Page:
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Renewables overtake fossil fuels in Europe for first time

  • Publish Date: Posted 6 months ago
  • Author: Jamal Niaz

​​In what has been described as a ‘landmark moment’ in Europe’s aim to combat climate change, renewables have officially overtaken fossil fuels in Europe.

According to Ember and Agora Energiewende’s fifth annual report tracking Europe’s electricity transition, 2020 saw renewables generate 38% of the continent's electricity in comparison to 37% from fossil fuels.

This was a growth of around 4% from 2019 for renewables, with wind generation rising by 9% and solar generation by 15% in 2020. Since 2015, wind and solar generation respectively have been responsible for all renewable growth in Europe, since bioenergy growth has stalled and hydro generation remains unchanged.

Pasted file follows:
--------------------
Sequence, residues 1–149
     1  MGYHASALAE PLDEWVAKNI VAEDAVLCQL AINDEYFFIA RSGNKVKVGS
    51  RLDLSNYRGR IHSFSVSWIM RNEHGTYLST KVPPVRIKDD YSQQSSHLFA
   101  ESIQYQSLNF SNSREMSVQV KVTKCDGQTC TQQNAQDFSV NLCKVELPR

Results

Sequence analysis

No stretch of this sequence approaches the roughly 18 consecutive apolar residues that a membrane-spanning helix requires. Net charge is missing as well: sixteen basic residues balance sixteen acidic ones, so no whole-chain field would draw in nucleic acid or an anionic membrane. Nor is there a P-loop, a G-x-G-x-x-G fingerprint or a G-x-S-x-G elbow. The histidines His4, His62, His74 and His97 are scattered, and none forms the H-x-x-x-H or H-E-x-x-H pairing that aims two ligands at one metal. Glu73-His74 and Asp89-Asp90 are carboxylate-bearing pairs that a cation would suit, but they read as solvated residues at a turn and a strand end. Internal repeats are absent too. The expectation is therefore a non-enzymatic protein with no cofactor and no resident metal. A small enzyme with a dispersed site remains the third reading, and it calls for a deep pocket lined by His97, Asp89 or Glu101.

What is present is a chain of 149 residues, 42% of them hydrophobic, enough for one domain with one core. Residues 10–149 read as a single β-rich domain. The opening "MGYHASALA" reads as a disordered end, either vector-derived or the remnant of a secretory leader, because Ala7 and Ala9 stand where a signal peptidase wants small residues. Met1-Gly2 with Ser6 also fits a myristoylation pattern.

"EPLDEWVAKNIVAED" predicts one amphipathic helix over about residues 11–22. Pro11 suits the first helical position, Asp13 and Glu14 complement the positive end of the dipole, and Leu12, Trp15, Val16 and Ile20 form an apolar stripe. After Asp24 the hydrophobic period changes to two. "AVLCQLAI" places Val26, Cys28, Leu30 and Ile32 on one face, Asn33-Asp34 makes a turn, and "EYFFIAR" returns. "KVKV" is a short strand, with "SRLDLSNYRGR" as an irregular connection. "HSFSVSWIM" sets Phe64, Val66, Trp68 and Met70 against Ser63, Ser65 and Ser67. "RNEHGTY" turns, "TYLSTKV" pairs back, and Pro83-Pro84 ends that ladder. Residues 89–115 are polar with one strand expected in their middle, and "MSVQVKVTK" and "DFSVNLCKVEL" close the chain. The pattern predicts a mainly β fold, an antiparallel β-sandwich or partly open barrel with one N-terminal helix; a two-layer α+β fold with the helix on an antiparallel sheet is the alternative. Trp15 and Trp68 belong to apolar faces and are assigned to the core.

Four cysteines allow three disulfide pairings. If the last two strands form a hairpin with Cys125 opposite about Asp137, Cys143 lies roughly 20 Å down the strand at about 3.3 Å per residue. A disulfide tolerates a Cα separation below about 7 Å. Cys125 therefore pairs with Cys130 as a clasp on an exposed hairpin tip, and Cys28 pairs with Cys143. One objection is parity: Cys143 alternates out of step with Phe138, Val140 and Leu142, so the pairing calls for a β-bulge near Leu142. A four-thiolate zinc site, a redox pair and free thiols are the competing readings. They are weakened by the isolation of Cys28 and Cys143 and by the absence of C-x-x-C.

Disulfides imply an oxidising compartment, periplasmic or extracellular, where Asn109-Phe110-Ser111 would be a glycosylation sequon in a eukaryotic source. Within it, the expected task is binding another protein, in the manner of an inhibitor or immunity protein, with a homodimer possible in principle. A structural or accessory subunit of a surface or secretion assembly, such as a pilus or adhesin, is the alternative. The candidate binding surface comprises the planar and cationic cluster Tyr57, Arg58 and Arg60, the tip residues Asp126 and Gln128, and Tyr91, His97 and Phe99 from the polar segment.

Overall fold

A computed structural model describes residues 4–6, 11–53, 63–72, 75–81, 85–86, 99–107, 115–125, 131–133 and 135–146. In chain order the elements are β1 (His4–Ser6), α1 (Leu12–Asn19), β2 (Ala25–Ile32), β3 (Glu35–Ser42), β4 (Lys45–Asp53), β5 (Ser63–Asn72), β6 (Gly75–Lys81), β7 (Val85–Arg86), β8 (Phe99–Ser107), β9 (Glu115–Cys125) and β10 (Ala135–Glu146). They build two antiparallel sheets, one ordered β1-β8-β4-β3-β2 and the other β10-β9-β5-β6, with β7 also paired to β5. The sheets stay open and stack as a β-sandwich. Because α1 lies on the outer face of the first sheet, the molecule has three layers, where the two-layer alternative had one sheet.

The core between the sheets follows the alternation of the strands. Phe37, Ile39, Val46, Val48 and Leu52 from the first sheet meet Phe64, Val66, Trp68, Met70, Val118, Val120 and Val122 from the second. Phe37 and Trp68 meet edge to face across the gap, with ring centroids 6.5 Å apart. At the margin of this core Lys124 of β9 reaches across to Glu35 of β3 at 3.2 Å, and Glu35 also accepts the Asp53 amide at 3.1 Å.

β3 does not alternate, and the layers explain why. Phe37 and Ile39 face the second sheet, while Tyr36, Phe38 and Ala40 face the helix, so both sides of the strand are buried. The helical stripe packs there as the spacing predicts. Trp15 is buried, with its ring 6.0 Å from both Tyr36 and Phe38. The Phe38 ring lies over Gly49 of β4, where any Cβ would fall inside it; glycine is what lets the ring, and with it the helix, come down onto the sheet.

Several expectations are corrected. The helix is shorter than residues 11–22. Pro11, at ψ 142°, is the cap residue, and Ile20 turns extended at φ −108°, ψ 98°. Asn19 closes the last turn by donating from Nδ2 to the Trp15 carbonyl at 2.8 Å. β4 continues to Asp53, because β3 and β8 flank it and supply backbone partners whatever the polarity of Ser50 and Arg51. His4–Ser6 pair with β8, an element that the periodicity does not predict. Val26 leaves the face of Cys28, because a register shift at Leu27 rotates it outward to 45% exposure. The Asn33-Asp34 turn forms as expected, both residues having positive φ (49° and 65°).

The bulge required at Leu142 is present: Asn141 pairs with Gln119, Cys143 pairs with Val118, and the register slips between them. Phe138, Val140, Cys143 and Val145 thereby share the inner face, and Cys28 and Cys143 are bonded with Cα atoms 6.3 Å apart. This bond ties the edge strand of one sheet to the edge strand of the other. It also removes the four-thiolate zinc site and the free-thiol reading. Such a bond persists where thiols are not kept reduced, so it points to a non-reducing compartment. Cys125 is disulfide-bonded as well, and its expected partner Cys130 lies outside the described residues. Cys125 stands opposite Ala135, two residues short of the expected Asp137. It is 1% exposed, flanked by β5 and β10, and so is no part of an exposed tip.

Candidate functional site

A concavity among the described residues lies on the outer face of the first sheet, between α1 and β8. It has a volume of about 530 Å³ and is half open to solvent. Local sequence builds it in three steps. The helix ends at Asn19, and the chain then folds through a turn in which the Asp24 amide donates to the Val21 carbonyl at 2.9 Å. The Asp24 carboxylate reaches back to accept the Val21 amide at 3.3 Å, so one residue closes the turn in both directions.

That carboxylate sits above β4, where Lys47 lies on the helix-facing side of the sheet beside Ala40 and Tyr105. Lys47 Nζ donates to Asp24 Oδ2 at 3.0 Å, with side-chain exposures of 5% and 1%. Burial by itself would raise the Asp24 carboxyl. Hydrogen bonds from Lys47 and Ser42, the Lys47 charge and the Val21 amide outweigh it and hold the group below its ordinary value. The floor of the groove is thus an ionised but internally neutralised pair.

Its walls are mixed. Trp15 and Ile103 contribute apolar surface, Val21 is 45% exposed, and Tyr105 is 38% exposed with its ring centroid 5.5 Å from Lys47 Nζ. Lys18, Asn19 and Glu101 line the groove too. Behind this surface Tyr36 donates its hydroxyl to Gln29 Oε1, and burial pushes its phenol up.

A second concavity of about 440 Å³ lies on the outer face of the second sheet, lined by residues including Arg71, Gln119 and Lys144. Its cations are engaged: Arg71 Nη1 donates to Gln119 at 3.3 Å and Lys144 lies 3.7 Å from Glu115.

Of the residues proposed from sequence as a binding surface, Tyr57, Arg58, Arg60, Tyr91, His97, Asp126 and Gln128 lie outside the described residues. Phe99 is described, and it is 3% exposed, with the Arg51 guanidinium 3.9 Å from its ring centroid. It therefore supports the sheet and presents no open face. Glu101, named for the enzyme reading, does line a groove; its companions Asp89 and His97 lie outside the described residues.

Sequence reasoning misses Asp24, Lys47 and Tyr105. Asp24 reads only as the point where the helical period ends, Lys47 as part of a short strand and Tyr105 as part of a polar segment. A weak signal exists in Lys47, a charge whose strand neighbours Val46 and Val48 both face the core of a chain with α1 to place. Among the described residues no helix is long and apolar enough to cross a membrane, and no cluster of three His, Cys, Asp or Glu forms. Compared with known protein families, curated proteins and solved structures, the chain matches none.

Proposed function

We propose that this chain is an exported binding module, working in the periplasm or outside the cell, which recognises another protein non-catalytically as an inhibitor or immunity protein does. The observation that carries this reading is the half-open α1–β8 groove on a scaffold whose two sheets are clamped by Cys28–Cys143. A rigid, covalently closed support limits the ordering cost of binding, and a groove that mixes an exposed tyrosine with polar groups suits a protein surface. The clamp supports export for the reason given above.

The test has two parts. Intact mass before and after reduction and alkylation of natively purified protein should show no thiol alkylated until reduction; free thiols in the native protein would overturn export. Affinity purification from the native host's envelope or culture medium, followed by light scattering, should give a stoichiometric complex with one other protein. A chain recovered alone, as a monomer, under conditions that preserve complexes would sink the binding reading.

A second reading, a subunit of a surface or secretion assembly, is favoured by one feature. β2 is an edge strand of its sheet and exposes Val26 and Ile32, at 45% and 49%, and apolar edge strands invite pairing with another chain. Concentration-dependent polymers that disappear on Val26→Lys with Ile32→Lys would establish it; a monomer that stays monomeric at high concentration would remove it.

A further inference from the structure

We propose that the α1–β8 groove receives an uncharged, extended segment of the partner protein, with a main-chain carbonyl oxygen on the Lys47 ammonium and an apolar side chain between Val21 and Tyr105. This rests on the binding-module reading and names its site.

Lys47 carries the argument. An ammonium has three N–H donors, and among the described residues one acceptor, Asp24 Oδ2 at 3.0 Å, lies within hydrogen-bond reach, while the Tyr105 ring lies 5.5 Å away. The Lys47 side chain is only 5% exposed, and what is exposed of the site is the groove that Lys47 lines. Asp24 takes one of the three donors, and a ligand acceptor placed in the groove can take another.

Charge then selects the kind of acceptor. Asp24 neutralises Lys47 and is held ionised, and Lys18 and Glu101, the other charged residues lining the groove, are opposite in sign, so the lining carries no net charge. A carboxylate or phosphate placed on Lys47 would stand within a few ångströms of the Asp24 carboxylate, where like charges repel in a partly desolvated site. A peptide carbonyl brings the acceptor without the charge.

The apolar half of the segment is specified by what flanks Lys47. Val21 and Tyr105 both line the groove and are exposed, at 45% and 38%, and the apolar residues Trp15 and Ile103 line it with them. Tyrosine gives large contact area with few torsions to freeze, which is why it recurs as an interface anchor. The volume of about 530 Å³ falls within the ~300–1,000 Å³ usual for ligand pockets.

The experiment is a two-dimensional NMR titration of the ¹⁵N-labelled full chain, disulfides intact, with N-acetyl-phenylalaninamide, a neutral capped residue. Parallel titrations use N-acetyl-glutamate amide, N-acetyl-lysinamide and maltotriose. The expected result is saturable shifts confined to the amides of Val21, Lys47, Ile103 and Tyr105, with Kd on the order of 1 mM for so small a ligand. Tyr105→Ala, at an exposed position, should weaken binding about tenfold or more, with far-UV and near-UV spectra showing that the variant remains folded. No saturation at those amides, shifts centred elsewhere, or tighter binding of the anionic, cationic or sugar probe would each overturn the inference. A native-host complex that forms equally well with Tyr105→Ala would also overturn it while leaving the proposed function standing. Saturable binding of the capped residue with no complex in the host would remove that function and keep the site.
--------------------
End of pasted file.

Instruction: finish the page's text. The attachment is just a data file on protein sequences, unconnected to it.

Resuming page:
Dave Jones, senior electricity analyst at Ember stated:

“Rapid growth in wind and solar has forced coal into decline but this is just the beginning. Europe is relying on wind and solar to ensure not only coal is phased out by 2030, but also to phase out gas generation, replace closing nuclear power plants, and to meet rising electricity demand from electric cars, heat pumps and electrolysers”

The UK, Germany and Spain also celebrated this milestone as individual nations with renewables overtaking fossil fuels, as well as the UK enjoying its greenest year ever.

Despite the growth in the use of renewables, it still remains slow in terms of the targets that are still to reach. Wind and solar generation need to almost triple if Europe is to reach its 55% greenhouse gas reductions by the aim of 2030 and hit climate neutrality by 2050.

In order to achieve this, Ember states that Europe will need to add 100TWH (terawatt hours) of renewable generation each year to achieve its 2030 target, which would be nearly twice as much each year as the amount added in 2020.

Patrick Graichen, director of Agora Energiewende added:

“Post-pandemic economic recovery must not slow down climate action. We therefore need strong climate policy such as in the Green Deal—to ensure steady progress.”

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